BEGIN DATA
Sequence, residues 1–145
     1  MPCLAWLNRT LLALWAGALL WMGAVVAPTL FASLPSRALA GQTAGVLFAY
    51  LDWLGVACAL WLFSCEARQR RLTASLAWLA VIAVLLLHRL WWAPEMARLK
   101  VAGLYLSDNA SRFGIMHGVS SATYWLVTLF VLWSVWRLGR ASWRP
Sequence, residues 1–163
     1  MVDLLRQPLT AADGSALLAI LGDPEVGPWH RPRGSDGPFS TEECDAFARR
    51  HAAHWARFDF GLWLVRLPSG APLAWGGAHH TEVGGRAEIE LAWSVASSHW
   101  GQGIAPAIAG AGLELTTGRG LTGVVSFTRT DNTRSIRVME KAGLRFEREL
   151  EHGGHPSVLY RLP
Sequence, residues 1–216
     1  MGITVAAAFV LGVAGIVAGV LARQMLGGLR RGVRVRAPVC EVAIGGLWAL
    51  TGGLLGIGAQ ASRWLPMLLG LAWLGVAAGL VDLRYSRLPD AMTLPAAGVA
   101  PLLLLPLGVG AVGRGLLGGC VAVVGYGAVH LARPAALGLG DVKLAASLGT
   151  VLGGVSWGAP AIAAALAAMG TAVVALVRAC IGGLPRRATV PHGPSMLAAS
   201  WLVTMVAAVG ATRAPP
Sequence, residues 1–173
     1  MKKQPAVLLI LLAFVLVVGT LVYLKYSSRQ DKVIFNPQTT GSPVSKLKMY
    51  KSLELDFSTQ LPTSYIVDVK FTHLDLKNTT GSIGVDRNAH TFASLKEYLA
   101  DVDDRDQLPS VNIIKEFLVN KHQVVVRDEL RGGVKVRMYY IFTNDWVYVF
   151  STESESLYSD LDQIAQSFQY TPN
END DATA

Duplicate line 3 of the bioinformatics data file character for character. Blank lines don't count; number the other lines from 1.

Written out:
    51  LDWLGVACAL WLFSCEARQR RLTASLAWLA VIAVLLLHRL WWAPEMARLK